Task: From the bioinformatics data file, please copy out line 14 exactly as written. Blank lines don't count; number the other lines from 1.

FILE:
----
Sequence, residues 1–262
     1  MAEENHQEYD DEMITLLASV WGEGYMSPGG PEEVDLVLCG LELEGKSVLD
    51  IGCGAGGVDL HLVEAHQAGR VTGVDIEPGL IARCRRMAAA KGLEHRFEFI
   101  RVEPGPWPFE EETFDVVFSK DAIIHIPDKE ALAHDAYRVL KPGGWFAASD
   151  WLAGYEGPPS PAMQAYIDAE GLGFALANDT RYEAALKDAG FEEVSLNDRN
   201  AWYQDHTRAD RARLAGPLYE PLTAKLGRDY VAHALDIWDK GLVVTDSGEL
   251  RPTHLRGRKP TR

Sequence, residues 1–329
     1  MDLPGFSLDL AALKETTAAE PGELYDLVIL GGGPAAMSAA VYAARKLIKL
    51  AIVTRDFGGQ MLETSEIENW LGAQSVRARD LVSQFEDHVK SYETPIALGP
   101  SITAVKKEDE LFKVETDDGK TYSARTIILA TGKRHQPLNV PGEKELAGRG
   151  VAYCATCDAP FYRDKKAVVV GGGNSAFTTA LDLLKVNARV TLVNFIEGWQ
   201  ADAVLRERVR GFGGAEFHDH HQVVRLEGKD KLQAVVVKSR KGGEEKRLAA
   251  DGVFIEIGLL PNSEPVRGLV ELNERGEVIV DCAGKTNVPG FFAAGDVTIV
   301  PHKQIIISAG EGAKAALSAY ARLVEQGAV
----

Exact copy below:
   251  DGVFIEIGLL PNSEPVRGLV ELNERGEVIV DCAGKTNVPG FFAAGDVTIV